Individual Travel Grants - David Gigineishvili
International league against Epilepsy Neuropsychiatry commission and the Japan Epilepsy Society within the frame of the 49 th Japan Epilepsy Society annual meeting announced for the join meeting discussing the key areas around psychogenic non-epileptic seizures (PNES). The event was held in Nagasaki on 29 th October, 2015. In this meeting, entitled “PNES around the world: let’s learn more about this neglected disorder and see how we might help” various international experts were invited to deliver a lectures aiming to discuss key areas of need and solution to these, to reduce the burden on PNES on individuals and society. Among the speakers from all over the world the Georgian professor Dr.David Gigineishvili from Tbilisi State University was invited. His presentation focused on the results of the PNES Task Force survey performed among the Georgian professionals during this year. The survey showed that overall health professionals (mostly neurologists & epileptologists) are well informed about the diagnosing process. They usually personally deliver the diagnosis to patient, however only minority was followed up. Difficulties with a delivering nonpharmacological treatment options are based on lack of experience and knowledge of physicians in psychotherapy concerning PNES, deficiency of professionals who could perform CBT (cognitive-behavioral therapy) and lack of money for cover this service. The policy of insurance companies and governmental medical programs at this stage do not support patients with paroxysmal events. This discrepancy between willingness of health professionals and absence of resources and trained psychotherapists require necessary intervention in this sphere from health policy makers.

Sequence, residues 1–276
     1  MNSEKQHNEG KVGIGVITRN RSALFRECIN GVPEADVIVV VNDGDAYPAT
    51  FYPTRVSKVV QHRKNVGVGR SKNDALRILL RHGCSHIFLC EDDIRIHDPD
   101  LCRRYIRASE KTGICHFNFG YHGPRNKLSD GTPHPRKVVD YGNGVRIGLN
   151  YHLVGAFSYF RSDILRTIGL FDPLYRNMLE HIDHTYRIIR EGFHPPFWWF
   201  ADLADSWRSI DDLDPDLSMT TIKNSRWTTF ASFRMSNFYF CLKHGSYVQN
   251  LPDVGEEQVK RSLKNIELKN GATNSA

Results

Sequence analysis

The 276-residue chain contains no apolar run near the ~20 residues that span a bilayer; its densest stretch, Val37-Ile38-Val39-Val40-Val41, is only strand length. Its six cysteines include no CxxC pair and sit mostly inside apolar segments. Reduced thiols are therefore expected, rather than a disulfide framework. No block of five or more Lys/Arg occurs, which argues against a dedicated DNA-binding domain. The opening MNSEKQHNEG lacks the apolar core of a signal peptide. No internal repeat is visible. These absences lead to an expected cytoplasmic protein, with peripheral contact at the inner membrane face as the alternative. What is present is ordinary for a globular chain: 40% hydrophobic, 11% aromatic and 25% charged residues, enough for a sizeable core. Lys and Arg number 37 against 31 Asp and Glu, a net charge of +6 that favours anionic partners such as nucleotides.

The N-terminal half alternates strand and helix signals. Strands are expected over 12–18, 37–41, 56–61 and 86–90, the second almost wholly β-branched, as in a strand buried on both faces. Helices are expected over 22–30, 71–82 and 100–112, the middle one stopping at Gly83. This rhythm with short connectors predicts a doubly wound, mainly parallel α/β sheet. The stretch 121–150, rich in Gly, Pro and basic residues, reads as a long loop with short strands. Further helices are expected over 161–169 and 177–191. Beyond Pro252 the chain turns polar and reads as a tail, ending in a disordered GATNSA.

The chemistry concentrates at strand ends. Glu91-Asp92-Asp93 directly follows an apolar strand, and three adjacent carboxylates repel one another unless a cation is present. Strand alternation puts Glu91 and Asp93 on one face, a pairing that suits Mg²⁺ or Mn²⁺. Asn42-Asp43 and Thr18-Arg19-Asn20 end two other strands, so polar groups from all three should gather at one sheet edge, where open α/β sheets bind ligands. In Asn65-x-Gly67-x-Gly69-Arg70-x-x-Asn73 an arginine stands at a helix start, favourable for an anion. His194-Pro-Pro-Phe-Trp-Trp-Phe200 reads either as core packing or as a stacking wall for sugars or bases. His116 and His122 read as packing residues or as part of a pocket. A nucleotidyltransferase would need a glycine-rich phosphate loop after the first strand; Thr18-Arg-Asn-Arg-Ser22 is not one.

In the first part of the meeting classification and nosological issues were discussed. In particular Dr.CurtLaFrance (USA) discussed possible, probable and definitive diagnostic criteria for PNES. He reviewed published paper to revile most reliable criteria (diagnostic and clinical tolls). Prof.Markus Reuber (UK) talked about biopsychosocial model of PNES. In this way he presented data showing psychological, biological and social aspects of PNES. Adverse early experience, unhelpful attachment styles, illness perception, emotion processing problems and avoidant coping tendencies were observed in patients with PNES. Also, attachment key relationship and social distress could be seen in PNES population. On the other hand, neuroanatomical and functional abnormalities in the brain were revealed using neuroimiging techniques. All these bring arguments to propose a conceptualized model of PNES. Other speakers highlighted different aspects of PNES – comorbidity, psychiatric diagnoses, PNES in intellectually disabled persons and in children etc. Last speaker (Prof.Mike Kerr, UK) outlined future directions and topic which from his point of view will be relevant in next decade: the role of mental health professional in a team serving patient with PNES.